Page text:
Harold E. Varmus was born on December
18, 1939, on Long Island. In 1957, Varmus entered Amherst
College, followed by graduate studies at Harvard University.
Within the year, he transferred to Columbia College
of Physicians and Surgeons. From 1966 to 1968, he worked
as a medical officer at Columbia-Presbyterian Hospital
and then joined Ira Pastan's laboratory at the National
Institutes of Health as a Clinical Associate. In 1970,
he became a post-doctoral fellow at UC San Francisco.
By 1972, Varmus had became a regular member of the faculty
in the Department of Microbiology and Immunology, ascending
to the rank of Professor by 1979.
He was a co-recipient (along with
J. Michael Bishop) of the 1989 Nobel
Prize in Physiology or Medicine for discovery of
the cellular origin of retroviral oncogenes.
From 1993 to 2000, he served as Director
of the National Institutes of Health. Since January
2000, he has served as President of Memorial Sloan-Kettering
Cancer Center in New York City. He is co-founder and
chairman of the board of directors of the Public Library
of Science, a not-for-profit open access publisher.
California Scientist of the Year (1982)
Albert Lasker Basic Medical Research Award (1982)
Passano Foundation Award (1983)
Armand Hammer Cancer Prize (1984)
Alfred P. Sloan Prize from the General Motors Cancer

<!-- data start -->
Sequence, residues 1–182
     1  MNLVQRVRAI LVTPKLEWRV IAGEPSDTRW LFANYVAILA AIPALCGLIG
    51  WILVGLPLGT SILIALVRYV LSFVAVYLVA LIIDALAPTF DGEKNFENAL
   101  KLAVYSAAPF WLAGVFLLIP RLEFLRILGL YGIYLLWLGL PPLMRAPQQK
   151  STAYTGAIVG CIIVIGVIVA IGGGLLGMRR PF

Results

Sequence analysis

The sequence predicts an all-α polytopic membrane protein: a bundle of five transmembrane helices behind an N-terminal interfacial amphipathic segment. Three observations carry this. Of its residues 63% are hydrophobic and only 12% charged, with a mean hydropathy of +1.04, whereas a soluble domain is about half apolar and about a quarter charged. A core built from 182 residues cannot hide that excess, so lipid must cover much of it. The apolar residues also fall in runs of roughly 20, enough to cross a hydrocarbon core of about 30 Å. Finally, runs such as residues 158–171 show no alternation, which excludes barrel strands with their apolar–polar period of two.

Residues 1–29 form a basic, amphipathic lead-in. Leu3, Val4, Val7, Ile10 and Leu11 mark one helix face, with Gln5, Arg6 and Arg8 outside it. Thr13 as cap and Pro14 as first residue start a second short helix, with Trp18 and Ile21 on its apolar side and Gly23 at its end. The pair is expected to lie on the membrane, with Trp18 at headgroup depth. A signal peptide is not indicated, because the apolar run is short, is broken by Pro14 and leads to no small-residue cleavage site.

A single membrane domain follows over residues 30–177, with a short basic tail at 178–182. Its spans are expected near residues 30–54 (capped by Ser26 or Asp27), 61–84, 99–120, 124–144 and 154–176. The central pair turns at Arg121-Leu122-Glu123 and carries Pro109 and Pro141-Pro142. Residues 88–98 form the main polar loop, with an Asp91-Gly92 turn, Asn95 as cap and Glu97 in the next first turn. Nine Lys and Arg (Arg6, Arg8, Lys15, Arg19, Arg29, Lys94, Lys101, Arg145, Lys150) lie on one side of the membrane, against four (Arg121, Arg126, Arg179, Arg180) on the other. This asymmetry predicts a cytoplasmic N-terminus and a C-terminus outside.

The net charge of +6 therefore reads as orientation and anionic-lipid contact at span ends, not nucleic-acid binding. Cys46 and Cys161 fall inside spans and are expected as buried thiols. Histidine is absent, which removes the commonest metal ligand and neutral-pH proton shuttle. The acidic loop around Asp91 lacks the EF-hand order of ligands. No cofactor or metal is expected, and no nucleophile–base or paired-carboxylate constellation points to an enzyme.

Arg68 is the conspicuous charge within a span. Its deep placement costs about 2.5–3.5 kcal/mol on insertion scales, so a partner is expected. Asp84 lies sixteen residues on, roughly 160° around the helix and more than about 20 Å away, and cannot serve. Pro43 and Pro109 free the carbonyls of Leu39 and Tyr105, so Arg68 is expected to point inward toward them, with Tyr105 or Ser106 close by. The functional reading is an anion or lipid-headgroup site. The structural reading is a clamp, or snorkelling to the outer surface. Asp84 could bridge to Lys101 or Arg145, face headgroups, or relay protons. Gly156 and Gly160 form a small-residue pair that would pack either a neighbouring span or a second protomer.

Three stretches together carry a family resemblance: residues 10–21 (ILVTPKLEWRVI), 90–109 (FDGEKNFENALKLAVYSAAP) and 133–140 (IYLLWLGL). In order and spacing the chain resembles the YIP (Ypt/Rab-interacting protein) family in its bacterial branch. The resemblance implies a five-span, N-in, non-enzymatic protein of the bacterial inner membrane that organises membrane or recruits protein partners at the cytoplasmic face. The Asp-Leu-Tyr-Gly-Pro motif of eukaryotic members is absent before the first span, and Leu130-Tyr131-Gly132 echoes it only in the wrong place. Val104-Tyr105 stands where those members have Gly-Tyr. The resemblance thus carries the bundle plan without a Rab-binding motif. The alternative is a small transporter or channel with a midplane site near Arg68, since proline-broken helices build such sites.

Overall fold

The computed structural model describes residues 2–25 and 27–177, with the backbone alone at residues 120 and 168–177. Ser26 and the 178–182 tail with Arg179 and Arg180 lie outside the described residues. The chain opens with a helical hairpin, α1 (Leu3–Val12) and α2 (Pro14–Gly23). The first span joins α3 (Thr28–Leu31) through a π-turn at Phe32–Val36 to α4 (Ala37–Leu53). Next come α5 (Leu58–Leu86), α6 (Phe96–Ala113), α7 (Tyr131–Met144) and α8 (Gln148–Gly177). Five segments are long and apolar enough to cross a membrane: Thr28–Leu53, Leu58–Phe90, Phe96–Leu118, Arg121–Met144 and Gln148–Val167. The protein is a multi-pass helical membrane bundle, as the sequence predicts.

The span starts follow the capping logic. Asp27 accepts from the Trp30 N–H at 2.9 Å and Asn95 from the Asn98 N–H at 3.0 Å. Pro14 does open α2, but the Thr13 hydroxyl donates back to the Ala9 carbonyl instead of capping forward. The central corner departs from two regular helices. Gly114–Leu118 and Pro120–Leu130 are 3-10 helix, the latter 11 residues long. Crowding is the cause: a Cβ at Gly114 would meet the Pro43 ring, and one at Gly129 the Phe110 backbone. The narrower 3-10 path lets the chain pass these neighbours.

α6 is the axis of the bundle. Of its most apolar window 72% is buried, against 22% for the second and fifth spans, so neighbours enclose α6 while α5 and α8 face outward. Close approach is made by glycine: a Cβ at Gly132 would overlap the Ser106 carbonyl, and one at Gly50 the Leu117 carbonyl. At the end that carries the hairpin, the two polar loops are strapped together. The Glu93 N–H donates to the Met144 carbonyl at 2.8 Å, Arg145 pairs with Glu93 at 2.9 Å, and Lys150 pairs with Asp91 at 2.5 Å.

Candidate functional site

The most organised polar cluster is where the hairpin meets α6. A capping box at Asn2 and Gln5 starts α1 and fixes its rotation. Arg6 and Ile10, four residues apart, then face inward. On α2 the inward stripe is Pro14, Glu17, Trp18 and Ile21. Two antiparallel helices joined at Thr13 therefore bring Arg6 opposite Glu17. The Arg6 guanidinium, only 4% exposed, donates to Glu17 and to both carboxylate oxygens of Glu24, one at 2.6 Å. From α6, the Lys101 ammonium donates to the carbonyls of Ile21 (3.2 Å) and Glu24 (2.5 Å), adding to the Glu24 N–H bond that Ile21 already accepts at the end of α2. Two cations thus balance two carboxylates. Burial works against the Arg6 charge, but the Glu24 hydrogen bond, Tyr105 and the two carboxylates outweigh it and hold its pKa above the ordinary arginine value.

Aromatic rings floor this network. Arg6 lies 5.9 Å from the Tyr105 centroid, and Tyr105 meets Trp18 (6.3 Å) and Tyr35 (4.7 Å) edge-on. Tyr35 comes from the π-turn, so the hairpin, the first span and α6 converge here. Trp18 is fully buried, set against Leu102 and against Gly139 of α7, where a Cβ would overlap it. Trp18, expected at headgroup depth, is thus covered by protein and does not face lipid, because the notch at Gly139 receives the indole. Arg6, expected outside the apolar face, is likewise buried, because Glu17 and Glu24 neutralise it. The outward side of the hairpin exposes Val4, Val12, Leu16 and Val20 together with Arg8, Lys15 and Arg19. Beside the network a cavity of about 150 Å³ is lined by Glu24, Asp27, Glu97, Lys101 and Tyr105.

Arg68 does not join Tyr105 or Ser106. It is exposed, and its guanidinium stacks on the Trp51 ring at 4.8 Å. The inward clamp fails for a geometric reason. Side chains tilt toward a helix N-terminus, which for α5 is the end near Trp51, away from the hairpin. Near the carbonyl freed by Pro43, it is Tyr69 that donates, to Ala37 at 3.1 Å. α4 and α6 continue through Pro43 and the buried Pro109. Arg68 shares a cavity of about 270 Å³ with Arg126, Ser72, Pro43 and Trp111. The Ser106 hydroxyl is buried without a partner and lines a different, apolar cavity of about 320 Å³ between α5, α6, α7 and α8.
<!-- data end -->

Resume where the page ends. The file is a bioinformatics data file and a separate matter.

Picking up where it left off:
Gairdner Foundation International Award (1984)
American College of Physicians Award (1987)
National Academy of Science (1984)
American Academy of Arts and Sciences (1988)
The following press release from the Royal Swedish
Academy of Sciences describes Varmus' work:
The discovery awarded
with this year's Nobel Prize in Physiology
or Medicine concerns the identification
of a large family of genes which control
the normal growth and division of cells.
Disturbances in one or some of these so-called
oncogenes (Gk ónco(s)
bulk, mass) can lead to transformation
of a normal cell into a tumor cell and
result in cancer.
Michael Bishop and Harold Varmus used an oncogenic
retrovirus to identify the growth-controlling oncogenes
in normal cells. In 1976 they published the remarkable
conclusion that the oncogene in the virus did not represent
a true viral gene but instead was a normal cellular
gene, which the virus had acquired during replication
in the host cell and thereafter carried along.
Bishop's and Varmus' discovery
of the cellular origin of retroviral oncogenes
has had an extensive influence on the development
of our knowledge about mechanisms for tumor
development. Until now more than 40 different
oncogenes have been demonstrated. The discovery
has also widened our insight into the complicated
signal systems which govern the normal
growth of cells.